(Note: This article contains a transcript of Episode #9 of my podcast ‘Our Canadian Journey’, on the disturbing news about Canada’s Medical Assistance in Dying or MAiD policy. If you wish to listen to the podcast, the link is here: https://darshanmaharaja.podbean.com/e/ep-9-death-of-a-promise/ . It will open in your browser; you don’t need to download the Podbean App.
Credits for the image & music are at the end.)
Recent reports show that the policy of Medical Assistance in Dying (MAiD) has become exactly the kind of slippery slope that its opponents were warning about. Instead of offering timely healthcare, our Universal Healthcare system causes interminable wait times, and when the patient’s suffering becomes unbearable, cajoles them to accept dying via MAiD as an option.
In a nutshell, the promise of Universal Healthcare has died.
TRANSCRIPT OF THE PODCAST EPISODE
Hello everyone! Welcome back to the 9th episode of Our Canadian Journey. My apologies for the long gap after the previous episode (#8). Summer and all. Family obligations.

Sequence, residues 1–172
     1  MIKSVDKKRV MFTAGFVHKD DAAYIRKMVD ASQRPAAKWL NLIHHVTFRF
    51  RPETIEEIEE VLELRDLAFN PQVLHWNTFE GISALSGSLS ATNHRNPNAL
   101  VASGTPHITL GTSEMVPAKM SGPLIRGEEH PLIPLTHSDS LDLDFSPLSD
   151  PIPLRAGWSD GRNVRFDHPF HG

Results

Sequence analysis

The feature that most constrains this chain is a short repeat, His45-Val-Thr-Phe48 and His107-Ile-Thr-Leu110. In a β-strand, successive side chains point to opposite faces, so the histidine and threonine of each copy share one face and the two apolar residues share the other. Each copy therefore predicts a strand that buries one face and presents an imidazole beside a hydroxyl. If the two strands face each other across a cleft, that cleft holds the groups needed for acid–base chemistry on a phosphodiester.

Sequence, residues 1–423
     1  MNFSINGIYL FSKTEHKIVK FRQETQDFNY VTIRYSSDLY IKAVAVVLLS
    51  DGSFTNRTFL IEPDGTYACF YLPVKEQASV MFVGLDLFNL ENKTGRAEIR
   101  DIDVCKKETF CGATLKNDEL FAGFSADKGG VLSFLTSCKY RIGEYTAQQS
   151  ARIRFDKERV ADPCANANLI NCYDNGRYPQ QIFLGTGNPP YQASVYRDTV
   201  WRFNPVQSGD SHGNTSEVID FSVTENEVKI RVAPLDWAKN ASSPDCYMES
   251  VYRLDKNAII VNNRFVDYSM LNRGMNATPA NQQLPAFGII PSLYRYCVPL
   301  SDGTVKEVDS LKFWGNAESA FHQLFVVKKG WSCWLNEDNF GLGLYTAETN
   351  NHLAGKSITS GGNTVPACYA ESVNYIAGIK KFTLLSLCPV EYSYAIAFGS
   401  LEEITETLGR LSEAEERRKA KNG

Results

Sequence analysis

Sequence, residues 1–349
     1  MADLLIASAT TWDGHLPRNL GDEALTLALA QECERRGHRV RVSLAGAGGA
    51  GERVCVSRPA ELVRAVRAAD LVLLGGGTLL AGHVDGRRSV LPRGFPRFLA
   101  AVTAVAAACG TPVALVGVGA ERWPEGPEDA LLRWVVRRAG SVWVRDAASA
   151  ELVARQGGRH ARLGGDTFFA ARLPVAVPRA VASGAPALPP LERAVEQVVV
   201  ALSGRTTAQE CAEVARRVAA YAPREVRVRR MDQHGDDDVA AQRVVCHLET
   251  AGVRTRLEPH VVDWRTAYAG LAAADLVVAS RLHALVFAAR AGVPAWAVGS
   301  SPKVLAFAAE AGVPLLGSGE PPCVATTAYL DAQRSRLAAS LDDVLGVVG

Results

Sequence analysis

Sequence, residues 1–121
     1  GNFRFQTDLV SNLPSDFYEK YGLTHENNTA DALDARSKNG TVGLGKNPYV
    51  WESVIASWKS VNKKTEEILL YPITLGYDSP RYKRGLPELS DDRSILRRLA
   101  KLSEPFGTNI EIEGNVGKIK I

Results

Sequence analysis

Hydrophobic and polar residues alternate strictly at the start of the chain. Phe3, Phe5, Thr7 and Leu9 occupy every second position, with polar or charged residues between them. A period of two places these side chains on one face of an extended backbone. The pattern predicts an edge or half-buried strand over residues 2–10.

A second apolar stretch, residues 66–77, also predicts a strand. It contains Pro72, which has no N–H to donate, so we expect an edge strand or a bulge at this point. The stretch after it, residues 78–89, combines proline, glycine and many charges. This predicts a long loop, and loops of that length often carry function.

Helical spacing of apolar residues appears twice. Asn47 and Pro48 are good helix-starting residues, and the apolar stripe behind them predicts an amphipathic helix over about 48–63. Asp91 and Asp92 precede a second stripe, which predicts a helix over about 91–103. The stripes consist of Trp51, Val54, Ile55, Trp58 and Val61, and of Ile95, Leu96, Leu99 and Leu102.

In today’s episode, I want to talk about a very disturbing story about Canada that came up for discussion in the media over the past few days, viz., the actual working of the policy on Medical Assistance in Dying. This term is usually acronymized as M-A-i-D, which is very pronounceable as a word, but doing so makes me uncomfortable because the pronunciation – Maid – reminds me of something else altogether. Therefore, I will be using the synonymous term ‘euthanasia’ throughout this episode.
A brief note on the intro music. I have changed it for this episode because my signature intro music has an upbeat tone, and this topic makes me anything but upbeat. Therefore, I have chosen a different musical piece as the intro for this episode. As for the reasons why I chose this one, I will tell you after you have listened to it.
So without further ado, let’s get started.
(Intro: Yoon Hasraton Ke Daagh, Prelude)
This piece is the prelude to a song from a Hindi movie that was released in 1958. The lyric – in the ghazal genre – was written by Rajendra Krishan, and the tune was composed by Madan Mohan. I find the entire lyric to be very apt for our situation on euthanasia.